The other thing I was really shocked at was when I went to see the grandfather and the father in the mausoleum. It’s about five times bigger than Aventura Mall. The whole thing, I swear to God, it’s five miles in diameter. You cannot run, you cannot walk, you have to get in this escalator. The grandfather is in the middle of the room with all his pictures and stuff, and he’s frozen. That’s a true story! You can’t never bow in front of his head, you have to go around him and bow. I’m like, “Damn! This shit looks real!” They said yeah, he’s frozen forever. The father’s frozen, same thing. Each room is that big and the room after that is for [Kim]. That’s what tripped me out. 150,000 people go in a day. They have to wear black suits. You see them crying the whole time. That’s what trips me out about the country. They all cry.

The Kim-Il-Sung Mausoleum

The Kim-Il-Sung Mausoleum

DJ: How would you describe Kim Jong-un’s personality?

DR: When he’s around his people, he’s just like anybody else. He jokes and loves playing basketball, table tennis, pool. They love American ’80s music. They do karaoke to it. He has this 13-piece girls band with violins. He gets a mic and they play the whole time. He loves the Doors and Jimi Hendrix. Oldies. When I first went, the live band only played two songs for four hours: the theme songs from Rocky and Dallas.

DJ: Is he image conscious?

DR: His wife is. They’ve been married two years. She don’t dress like a typical [North] Korean. She likes Gucci, Versace. She dressed really cool. And Kim dressed pretty much in black, gray, brown. He made me two suits. They come right there and make a suit for you in two hours.

DJ: What have your interactions been like with his family?

DR: I’ve been around his whole family; I’ve held his baby. No one’s ever held his baby before but me. I got pictures of me holding his infant. I gave [his daughter] a little Rodman jersey, we took pictures of it. Me, him and her and his wife. I have a lot of pictures of that in my safe-deposit box.

DJ: How did the second exhibition game, on his birthday, come about?

DR: He was making fun of the Harlem Globetrotters, saying he didn’t want a circus the next time. We were on this big-ass yacht—it’s like a Lady Moura, a 400-foot yacht, like a cruise ship. And we were having dinner and I said, “I should throw a basketball game here. Just me and I’ll bring a lot of athletes. When is your birthday?” And he said January 8, so I said, “Let’s do it on your birthday.” And he jumped up in the air, started clapping and telling everybody, “Oh my God! He’s throwing a basketball game for me!”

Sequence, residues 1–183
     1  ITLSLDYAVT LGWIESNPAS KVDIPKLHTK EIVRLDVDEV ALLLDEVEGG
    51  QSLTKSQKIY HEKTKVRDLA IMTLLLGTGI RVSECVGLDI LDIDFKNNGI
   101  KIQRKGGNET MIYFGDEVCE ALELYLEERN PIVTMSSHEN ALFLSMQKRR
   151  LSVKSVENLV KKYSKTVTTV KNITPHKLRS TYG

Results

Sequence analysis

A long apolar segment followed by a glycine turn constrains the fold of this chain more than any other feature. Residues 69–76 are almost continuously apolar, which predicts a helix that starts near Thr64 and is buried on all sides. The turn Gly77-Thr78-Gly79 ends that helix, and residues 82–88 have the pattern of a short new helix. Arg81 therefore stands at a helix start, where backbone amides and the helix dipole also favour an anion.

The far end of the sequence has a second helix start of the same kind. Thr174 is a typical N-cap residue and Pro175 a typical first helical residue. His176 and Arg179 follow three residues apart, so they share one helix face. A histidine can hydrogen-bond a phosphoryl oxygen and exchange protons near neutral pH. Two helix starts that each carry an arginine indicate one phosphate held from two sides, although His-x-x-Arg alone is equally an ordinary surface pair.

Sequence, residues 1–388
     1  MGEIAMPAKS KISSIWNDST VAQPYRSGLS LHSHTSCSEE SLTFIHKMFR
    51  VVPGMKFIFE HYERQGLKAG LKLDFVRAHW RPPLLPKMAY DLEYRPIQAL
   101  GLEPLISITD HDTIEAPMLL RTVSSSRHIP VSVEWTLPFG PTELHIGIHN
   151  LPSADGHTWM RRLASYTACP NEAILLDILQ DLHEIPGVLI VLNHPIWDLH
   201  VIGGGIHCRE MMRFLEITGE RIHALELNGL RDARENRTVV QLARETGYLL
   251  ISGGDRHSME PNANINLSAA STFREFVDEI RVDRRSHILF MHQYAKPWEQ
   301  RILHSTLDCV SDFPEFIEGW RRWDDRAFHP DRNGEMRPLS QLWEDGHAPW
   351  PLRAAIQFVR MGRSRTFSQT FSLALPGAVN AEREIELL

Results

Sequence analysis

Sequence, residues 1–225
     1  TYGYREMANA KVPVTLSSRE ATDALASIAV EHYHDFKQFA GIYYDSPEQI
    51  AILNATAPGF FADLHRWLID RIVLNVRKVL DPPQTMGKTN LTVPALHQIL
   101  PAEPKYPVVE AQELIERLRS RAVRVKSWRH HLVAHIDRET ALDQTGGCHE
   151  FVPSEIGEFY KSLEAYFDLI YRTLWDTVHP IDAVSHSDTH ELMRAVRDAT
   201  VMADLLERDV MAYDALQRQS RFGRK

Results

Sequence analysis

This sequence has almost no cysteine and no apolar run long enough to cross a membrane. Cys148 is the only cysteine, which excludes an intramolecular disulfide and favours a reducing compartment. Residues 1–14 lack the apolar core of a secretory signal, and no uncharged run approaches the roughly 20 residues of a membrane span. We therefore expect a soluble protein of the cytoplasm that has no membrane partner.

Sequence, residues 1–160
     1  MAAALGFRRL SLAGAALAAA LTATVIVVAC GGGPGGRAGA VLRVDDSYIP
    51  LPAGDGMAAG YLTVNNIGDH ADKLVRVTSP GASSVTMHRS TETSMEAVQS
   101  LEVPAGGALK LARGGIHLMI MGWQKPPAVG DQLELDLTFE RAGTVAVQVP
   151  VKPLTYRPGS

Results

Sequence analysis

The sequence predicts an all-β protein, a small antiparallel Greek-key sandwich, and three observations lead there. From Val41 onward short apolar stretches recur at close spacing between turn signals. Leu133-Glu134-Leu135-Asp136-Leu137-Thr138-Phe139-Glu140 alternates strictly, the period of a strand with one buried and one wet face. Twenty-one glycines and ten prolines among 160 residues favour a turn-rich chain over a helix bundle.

DJ: So you put a group together of seven retired NBA players and brought them over. Afterward, some of the players say they were misled about the trip. They thought they were going to play for charity. Is that true?

DR: Bullshit. Bullshit, bullshit, bullshit. They knew.

DJ: And they got paid…

DR: Who paid ‘em? I paid ‘em! I paid them before they went over there.

DJ: Roughly how much?

DR: $30,000 to $35,000 each.

DJ: So you said, “It’s Kim Jong-un’s birthday, I’ll give you $35,000 for three days, do you want to come?” And they all said yes?

DR: Yeah. They didn’t realize we had a camera rolling 24-7 [for a BBC-produced documentary]. [Filming] them saying, “Oh, I love North Korea!”

DJ: Do you get any money from the North Korean government? An appearance fee?

DR: No, there’s no money. I do it for free.

Dennis Rodman

Rodman, at Beijing’s international airport before flying to North Korea at on January 6, 2014

DJ: Has Kim Jong-un discussed anything political with you?

DR: I’ve never told this to anyone, but the last time I was there, they just came out and started saying stuff about what they want from Americans. How they want to rewrite the peace treaty, they want us to get the ships out of South Korea. He’s saying the reason why they have the nuclear bombs is because they know that Americans think they can take over. He says, “I don’t want to bomb anyone. But we keep our nuclear weapons because we’re such a small country—that’s the only way we can defend ourselves.” They just want people in America and the government to know they don’t hate Americans. They want to work with Americans. They just want them to abide by the agreement that they wrote up years ago.

DJ: So up until that point you had never talked politics?

DR: No, it was more casual, just joking and laughing. But when I heard that [political discussion] me and my friend were like, Oh my God, now it’s getting serious. That’s the first time I ever heard that. That takes it to a whole different level.

DJ: And how did you respond?

DR: He said, “Well, we just want to try to straighten this out and try to open the doors with Americans.” I thought that I was going to get engaged in trying to negotiate some type of deal with the Americans. And after all of that, we came back for a dinner, and the first thing he said was, “Don’t worry about it. That’s OK. Don’t do that. We don’t want you to get involved.”

NEXT: “When I [next] go there, it’s going to be a problem coming back.”